Back on topic, sorry. Guten wanders about, never asking any questions or making any eye contact. It wouldn't be a stretch to suggest that he has no idea that we are even there. He has never bought anything, near as I can remember. He just wanders about for an hour or so and then wanders right on out the door. And no one minds. Imagine that kinda shit in Wichita. I suppose we would need a bookstore that stayed open past nine PM first though hey?

I really want to ask him for permission to take some photos of him while he wanders the bookstore, but I dunno how he will react. It would make a kinda haunting photo in black and white, at least I think so. You'd have to see the bookstore to understand, it kinda resembles a teetering collection of musty books, some which have probably been there since God knows when. A whole bunch of musty transcripts and water-damaged paperbacks, all stuffed in overwritten legal boxes.

Was that a lame story? Sorry if it was, I'm just trying to give you a picture of what my life is here in Seattle. The night brings out the special cases here, I guess that is the point of that little story.

I'm growing my hair out, no more of the flat-top regiment for me. It is getting fairly long now, but I will be happier when it gets long enough to look decent. Now I just look like a bum. Huh, for all the photographs I've been taking lately, I don't have a self-portrait to send along, show you my new haircut, or lack thereof. I suppose that is a good thing, that I don't have self-portraits laying about. Could be seen as arrogant, don't you think? Most of the artists here expect to remain undiscovered.

Anyway, yea, my hair is getting longer and despite me resembling a hobo, I don't mind the look. I wasn't going to grow it out, but when I stopped by a hair salon (la dee da hey?) downtown, they wanted to charge me $55 for a hair consultation. I don't even know if that consisted of actually getting my hair cut or not. Doesn't sound like it. That was about two months ago now and either through laziness, vanity, or poverty, I haven't considered getting it cut again. I'll get a picture and send it your way.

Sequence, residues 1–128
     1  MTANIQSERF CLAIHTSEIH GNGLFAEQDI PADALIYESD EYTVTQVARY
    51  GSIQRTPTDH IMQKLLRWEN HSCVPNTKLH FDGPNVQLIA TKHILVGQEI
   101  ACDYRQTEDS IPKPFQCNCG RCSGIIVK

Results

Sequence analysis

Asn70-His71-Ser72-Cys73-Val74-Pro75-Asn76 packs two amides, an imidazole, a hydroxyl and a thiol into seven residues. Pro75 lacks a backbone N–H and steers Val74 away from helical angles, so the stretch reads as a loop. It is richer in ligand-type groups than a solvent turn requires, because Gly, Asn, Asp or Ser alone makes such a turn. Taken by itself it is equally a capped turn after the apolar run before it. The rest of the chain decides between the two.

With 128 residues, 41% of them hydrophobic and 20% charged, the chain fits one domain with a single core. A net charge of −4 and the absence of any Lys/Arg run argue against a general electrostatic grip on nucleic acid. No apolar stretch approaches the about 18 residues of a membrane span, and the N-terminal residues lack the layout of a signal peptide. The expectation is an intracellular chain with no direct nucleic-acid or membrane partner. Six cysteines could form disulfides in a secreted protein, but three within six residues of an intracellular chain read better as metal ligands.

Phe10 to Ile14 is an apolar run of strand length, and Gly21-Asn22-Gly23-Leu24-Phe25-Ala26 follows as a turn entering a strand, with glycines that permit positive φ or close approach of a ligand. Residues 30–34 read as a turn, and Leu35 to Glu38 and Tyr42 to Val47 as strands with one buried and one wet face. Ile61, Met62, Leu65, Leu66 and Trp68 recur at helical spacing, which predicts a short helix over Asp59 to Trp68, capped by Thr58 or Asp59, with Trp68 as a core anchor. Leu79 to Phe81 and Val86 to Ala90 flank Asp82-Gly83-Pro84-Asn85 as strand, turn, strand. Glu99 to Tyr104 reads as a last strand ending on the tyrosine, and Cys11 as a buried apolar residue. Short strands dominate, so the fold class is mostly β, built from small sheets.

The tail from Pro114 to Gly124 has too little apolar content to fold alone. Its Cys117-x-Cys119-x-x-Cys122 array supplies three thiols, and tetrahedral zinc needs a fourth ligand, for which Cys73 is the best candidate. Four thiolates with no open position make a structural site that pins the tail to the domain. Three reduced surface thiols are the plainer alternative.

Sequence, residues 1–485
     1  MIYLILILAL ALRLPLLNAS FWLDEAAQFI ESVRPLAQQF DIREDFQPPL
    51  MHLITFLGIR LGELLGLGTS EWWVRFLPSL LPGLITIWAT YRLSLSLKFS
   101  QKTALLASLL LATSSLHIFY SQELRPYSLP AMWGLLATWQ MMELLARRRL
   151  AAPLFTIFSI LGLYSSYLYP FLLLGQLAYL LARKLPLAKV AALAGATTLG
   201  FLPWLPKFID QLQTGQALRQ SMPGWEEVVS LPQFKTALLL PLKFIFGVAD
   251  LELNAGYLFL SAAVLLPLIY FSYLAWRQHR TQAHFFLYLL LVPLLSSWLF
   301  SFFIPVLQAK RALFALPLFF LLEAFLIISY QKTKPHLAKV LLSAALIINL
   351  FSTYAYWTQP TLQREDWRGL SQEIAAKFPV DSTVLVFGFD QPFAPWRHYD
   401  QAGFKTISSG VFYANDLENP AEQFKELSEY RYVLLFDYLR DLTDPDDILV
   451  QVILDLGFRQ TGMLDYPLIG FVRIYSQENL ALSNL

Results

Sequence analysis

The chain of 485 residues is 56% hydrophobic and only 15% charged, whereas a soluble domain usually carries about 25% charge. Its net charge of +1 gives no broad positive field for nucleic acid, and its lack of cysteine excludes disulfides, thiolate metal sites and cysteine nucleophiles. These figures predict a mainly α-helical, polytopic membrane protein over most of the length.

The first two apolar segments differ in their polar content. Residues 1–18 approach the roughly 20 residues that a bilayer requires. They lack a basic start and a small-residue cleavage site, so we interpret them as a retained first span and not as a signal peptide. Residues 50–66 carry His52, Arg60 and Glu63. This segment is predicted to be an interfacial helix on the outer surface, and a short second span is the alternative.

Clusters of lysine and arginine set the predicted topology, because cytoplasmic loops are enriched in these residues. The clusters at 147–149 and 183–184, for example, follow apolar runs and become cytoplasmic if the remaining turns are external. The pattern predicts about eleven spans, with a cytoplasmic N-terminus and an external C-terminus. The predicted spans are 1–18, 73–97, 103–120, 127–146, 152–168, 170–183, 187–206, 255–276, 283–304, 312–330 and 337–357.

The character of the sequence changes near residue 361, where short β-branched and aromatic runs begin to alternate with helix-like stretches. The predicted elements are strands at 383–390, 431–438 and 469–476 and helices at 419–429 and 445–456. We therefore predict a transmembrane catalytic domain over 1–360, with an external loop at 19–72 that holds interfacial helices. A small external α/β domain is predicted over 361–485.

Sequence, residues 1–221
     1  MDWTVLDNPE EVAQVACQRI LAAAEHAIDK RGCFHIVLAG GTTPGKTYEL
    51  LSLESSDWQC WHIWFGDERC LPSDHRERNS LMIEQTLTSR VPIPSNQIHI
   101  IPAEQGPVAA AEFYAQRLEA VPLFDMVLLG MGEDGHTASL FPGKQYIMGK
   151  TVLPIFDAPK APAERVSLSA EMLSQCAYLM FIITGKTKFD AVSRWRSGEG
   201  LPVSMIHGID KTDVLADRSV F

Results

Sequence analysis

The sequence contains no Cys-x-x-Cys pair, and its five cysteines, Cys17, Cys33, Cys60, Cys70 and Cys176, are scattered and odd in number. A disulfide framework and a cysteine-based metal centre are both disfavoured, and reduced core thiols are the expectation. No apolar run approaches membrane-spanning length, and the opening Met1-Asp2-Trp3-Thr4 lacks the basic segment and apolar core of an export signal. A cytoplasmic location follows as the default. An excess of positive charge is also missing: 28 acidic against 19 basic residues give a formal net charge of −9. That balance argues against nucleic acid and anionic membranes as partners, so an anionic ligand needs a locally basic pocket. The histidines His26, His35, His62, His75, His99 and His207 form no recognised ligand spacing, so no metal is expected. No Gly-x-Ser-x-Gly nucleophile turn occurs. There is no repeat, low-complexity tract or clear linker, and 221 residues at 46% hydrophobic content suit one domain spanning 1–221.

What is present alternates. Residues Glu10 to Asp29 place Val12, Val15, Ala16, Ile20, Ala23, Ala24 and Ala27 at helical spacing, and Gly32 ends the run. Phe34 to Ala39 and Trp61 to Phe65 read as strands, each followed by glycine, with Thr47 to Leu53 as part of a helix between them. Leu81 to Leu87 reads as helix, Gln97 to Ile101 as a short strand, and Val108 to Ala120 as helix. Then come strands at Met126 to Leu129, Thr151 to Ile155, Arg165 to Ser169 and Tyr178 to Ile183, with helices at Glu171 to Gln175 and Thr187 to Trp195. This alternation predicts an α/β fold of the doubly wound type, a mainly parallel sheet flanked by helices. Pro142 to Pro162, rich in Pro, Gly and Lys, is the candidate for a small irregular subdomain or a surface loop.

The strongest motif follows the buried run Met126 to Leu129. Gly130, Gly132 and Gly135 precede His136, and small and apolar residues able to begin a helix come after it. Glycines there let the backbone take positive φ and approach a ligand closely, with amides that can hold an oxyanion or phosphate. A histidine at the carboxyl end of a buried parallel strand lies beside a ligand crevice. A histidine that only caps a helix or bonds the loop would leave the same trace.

Och it is late now, 315 AM and I am supposed to get up before noon to work the early shift at the bar. I can't ever sleep as soon as I get home, some sort of work-induced insomnia. Ah well, at least I'll be outta there by seven, give me a chance to see the city at night, something I haven't had much of a chance to do lately. I think I'll mosey around downtown for a bit, take some photos and maybe grab a bite to eat at someplace new. I think I saw a jazz cafe downtown the other day while I was riding the bus. Looked eclectic in a blue smoke kind of way.

Anyway, hope all is well, I heard about the cold snap that you guys are suffering through. Zip up the coats and put on the mittens, as mom always said. It's wamer here, but raining. A kind of compromise, I suppose. As always, say hi to Mary for me, I hope she's keeping well.



A sovereign thought, delivered to your door at 8:28 PM ~~ 0 bonsai trees

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Rick Mercer (yes that Rick Mercer of Talking to Americans fame) suggests that many Canadians would rather spend money on beer instead of childcare. Good chuckle.

A sovereign thought, delivered to your door at 8:25 PM ~~ 0 bonsai trees

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Wednesday, December 14, 2005